U.S. Mayor Article

Houston's Mayoral Advisory Boards for International Affairs and Development (MABIAD) Increase City's Global Reach


November 12, 2001


Houston enters the new millennium not just as the fourth largest city in the U.S. but as a global city, exchanging goods and services with over 180 countries around the world.

"International business is a key part of Houston's economy," says Mayor Lee P. Brown. "One of every three workers in the Houston metro area directly benefits from our international trade."

Houston is the energy capital of the world and over 5,000 firms in the city are involved in oil and/or gas exploration and refinement. NASA and the Johnson Space Center are home to the largest international cooperative science and engineering program ever attempted the International Space Station. The Texas Medical Center is the largest single campus of health care and medical research facilities and attracts patients from nearly every country on the planet. Houston is one of the world's centers of high technology development. The Port of Houston is this country's number one port in foreign tonnage. The Houston Airport System's international reach is to 47 destinations in 21 countries.

Houston itself is international. Houston has the third largest consular corps in the country, with 74 nations represented. And Houston is a diverse city, with over 100 nationalities. One in eight Houstonians is foreign born.

One of the guiding principles of Mayor Brown's administration is to enhance Houston's economic development and international trade. Brown has himself gone on trade missions to countries in the Middle East, Asia, Latin America and Africa. To ensure the ongoing commitment of the city to international business development, Brown has created the Mayoral Advisory Boards for International Affairs and Development (MABIAD). There are five volunteer advisory boards: Asia, Africa, Americas, Middle East and North Africa, and Europe.

"Attracting potential investors and creating long-lasting relationships with foreign leaders and companies is absolutely necessary for Houston's future success," says Mayor Brown." Brown has appointed the volunteer board members because of their knowledge of a region and their commitment to Houston's international business endeavors. The board members are also active in their communities in Houston. MABIADs provide invaluable advice to the mayor and his administration regarding socio/political issues and potential development of business opportunities. Additionally, the board members act as a bridge between city government and corporations here and abroad. The board members serve as a welcoming and hosting arm for visiting dignitaries and business people.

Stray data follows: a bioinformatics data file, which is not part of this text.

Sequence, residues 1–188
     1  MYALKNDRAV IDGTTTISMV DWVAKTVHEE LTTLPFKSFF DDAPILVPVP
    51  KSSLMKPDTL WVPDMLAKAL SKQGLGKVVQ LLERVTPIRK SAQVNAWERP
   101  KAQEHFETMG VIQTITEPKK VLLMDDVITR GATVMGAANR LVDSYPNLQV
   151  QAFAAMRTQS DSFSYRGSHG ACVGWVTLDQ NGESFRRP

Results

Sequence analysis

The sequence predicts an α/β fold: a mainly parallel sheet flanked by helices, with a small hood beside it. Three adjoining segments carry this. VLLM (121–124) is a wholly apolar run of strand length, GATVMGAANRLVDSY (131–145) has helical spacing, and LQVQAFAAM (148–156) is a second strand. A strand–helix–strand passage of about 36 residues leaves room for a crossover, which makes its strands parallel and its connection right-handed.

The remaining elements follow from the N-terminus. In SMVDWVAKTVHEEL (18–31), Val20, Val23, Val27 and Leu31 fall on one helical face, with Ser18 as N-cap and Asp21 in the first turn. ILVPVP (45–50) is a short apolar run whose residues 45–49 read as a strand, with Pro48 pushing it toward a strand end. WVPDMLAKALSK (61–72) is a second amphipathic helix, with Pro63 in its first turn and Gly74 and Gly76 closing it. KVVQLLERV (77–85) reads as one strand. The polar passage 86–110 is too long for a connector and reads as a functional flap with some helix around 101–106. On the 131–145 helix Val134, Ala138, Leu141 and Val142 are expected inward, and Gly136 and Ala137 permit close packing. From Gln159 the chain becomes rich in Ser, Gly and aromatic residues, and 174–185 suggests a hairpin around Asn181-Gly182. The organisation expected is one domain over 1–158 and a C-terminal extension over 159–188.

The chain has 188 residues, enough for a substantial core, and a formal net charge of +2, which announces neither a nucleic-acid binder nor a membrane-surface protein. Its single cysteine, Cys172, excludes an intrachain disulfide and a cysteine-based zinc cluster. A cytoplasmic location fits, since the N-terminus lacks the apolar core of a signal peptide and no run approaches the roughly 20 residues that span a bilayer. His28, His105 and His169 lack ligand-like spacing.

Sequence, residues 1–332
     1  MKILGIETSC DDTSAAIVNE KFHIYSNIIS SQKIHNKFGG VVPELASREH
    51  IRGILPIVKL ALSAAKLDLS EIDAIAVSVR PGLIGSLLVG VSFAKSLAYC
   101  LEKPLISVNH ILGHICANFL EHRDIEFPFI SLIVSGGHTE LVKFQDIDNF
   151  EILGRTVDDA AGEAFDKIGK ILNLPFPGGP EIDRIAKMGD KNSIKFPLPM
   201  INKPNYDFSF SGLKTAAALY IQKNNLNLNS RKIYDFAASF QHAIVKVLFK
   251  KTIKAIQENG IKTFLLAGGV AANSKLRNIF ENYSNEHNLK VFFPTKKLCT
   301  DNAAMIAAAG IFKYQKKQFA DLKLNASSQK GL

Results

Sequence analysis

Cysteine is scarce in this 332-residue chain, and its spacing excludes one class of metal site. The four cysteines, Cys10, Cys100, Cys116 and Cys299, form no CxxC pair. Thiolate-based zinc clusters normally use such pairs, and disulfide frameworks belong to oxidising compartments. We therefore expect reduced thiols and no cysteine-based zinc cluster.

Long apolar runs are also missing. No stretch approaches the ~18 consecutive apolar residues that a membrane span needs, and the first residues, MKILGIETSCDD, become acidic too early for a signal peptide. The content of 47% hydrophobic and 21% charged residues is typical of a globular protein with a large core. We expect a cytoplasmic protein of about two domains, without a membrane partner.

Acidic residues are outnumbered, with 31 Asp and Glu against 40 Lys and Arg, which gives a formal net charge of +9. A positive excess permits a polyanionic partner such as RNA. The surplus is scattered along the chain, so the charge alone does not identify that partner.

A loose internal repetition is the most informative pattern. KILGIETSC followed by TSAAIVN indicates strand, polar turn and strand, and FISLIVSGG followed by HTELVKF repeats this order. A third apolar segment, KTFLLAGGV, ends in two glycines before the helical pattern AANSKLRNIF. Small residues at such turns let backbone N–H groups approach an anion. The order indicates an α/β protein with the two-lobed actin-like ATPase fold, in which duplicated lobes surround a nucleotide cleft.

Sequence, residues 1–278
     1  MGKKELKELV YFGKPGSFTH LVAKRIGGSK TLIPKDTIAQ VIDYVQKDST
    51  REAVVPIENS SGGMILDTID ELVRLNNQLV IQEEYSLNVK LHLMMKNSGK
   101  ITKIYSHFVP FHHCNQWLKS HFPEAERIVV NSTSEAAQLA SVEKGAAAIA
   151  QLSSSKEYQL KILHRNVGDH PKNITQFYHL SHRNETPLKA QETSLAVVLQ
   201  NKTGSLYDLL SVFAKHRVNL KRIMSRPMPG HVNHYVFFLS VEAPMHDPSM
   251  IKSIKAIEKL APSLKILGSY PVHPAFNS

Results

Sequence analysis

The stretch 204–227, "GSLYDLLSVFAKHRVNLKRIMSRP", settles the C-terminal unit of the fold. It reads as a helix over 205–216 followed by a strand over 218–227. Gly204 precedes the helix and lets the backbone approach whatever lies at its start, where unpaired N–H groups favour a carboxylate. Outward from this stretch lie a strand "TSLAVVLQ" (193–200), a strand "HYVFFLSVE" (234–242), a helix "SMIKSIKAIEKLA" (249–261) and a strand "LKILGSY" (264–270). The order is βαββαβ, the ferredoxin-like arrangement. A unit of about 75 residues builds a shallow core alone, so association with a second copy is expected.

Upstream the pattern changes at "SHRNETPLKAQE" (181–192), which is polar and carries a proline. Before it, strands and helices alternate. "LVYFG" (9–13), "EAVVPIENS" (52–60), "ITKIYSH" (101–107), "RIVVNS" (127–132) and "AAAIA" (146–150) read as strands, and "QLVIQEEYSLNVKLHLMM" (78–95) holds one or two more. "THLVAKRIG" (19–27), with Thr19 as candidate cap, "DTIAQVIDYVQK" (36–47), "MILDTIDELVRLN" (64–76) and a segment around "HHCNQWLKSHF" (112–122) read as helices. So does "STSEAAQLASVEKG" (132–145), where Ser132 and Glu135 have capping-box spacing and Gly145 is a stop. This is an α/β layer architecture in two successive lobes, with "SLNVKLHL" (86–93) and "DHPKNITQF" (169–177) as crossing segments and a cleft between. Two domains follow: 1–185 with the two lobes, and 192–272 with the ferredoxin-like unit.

"The MABIAD board members are talented and insightful," says the mayor. "Much of our success in international affairs is due to their efforts."

Each of the MABIADs is involved in specific projects. These have resulted in several trade missions initiated or led by the mayor, officers of the Greater Houston Partnership and corporate chiefs: United Arab Emirates, Quatar and Saudi Arabia; Cairo and Dubai; Ghana, Nigeria, Cote d'Ivoire and South Africa; Pakistan, India and Korea; China, Japan and Taiwan. The missions have promoted Houston as a vibrant city in which to conduct business, invest capital, visit and live. The missions have also resulted in numerous City Department Agreements.

These City Department Agreements and exchanges involve specific areas of excellence in several of Houston's 21 departments. Long-term benefits include business development, training opportunities and technical exchange. City departments and pertinent associated organizations are partnered with counterparts in emerging foreign markets to provide technical assistance in improving professional municipal management; supporting participatory and inclusive governance; supporting economic development; promoting sound financial management; and improving delivery of environmental services. Current cooperative agreements between Houston and cities in other countries exist with Houston's Aviation Department, Solid Waste Department and the Houston Port. Additionally, Partner-Cities in Hi-Tech agreements, Environmental Protection agreements and Bilateral Education agreements are in place.

"More than ever, Houston is recognized as a global city, a city well worth getting to know on a business, political and cultural level," says Brown.

MABIADs work in conjunction with other Houston agencies, including the Houston International Initiative, the Houston International Protocol Alliance, Houston Airport System, the World Trade Vision of the Greater Houston Partnership, International Coordinating Council and the U.S. Department of Commerce - International Trade Administration.

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